The Newtown tragedy has impacted each of us. We all have opinions. We all want to make sense out of the senseless. Yet we all have the burden of responsible behavior to carry.
Gene Rosen is a friend of my father's. He's also a model citizen who has served this state well. Now, however, Mr. Rosen is being vilified.
Why? Because on the day of the massacre, Mr. Rosen took several scared, would-be victims off of his front lawn and into his home. Some believe this makes Mr. Rosen part of a vast conspiracy. Others think it makes him a publicity hound.
I believe it makes him a hero. Think what Mr. Rosen did that day was self-serving and easy? Think again. I've seen Mr. Rosen since the tragedy. I've been in his house, in the same room where the children were gathered, no less.
He has been profoundly affected (as has his wife) by what happened. The brutal criticism hasn't helped matters, either. A nightmare literally showed up on Mr. Rosen's front lawn and the man did all that he could. For this he is punished by those who nitpick his every word and by those who question the validity of emotions.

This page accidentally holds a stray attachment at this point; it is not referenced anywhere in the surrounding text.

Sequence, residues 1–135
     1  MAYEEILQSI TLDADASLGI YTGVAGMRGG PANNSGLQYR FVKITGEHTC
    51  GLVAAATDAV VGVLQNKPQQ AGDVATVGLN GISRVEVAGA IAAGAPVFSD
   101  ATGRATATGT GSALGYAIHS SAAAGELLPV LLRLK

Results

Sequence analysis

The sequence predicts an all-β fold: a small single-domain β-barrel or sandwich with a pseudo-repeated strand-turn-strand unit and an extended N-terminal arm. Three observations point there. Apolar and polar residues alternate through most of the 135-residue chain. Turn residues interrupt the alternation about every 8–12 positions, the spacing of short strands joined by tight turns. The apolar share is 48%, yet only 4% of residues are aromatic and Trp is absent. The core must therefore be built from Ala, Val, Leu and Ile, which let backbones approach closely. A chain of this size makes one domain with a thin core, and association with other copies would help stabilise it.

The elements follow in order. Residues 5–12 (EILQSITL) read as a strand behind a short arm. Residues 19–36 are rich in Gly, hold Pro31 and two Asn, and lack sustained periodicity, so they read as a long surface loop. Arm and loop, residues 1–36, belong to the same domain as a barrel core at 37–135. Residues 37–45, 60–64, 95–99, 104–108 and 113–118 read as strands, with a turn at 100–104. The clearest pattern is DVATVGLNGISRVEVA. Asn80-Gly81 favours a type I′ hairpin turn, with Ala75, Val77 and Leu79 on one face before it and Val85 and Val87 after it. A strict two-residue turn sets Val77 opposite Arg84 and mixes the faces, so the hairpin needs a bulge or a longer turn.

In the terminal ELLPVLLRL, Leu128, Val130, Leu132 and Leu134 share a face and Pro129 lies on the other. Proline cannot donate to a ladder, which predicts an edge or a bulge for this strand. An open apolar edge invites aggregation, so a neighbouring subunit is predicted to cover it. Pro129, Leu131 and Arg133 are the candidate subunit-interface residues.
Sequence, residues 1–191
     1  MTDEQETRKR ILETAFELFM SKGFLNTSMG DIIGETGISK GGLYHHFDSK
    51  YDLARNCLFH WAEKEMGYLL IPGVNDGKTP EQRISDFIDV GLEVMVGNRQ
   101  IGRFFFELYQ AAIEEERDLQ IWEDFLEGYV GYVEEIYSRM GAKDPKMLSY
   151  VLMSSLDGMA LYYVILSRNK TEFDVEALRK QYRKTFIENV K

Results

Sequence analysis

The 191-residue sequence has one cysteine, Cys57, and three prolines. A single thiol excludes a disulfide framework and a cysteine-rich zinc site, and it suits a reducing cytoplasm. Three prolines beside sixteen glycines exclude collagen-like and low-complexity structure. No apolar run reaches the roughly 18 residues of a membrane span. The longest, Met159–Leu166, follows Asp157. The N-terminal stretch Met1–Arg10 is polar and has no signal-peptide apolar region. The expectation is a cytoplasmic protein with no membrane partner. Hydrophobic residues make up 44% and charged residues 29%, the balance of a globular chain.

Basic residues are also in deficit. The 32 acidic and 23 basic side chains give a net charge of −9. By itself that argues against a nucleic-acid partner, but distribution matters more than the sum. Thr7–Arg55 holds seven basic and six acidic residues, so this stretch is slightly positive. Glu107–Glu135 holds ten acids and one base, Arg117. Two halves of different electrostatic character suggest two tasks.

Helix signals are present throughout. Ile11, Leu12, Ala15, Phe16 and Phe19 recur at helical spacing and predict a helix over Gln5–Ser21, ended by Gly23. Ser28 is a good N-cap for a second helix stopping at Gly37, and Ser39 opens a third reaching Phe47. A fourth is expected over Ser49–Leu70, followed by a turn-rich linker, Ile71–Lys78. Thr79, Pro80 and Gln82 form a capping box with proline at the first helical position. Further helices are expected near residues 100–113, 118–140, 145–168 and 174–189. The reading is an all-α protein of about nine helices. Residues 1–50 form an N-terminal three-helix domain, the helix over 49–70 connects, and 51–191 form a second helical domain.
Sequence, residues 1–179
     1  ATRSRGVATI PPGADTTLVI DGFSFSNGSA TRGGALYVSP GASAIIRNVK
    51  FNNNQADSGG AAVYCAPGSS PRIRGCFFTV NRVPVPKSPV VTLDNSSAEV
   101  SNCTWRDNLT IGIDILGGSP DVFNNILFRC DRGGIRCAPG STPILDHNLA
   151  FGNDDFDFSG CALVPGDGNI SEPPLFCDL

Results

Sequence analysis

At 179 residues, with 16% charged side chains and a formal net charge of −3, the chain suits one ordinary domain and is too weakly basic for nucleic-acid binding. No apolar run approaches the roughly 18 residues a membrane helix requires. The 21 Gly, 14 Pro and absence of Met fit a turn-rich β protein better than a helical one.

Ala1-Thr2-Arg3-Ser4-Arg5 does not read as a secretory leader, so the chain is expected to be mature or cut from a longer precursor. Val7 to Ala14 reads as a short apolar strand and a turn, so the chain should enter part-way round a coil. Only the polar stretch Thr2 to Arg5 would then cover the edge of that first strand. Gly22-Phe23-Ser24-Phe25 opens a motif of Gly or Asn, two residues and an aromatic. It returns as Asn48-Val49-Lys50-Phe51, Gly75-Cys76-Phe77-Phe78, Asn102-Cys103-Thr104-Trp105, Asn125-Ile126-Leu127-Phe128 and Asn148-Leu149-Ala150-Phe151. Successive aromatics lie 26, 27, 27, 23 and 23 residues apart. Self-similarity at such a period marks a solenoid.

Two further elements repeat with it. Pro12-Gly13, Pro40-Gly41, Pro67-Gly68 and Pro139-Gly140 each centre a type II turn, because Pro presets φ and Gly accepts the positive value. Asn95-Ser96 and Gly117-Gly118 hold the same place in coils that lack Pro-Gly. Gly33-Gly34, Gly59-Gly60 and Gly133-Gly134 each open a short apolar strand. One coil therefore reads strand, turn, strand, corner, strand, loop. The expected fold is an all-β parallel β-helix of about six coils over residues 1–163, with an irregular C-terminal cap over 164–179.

The First Amendment rightly allows for us to speak our minds. A sense of responsibility, however, should go hand in hand with that precious right. To go on television or online and to accuse a traumatized grandfather of a heinous crime is a serious matter.
A decent person would present some irrefutable evidence before making such an assertion. When no such evidence exists, however...
I'll close with this: years ago I had a co-worker who was literally becoming unhinged. He spoke to myself and to others of having suicidal and homicidal thoughts. A few of us spoke up. Our supervisors did little or nothing.
Out of frustration, I turned to my father, a long time law enforcement official, for advice. My father subsequently reached out to a man he knew who was an expert on criminal behavior. So concerned was this man that he called back from vacation to offer solid and sound guidance.
That man was Gene Rosen.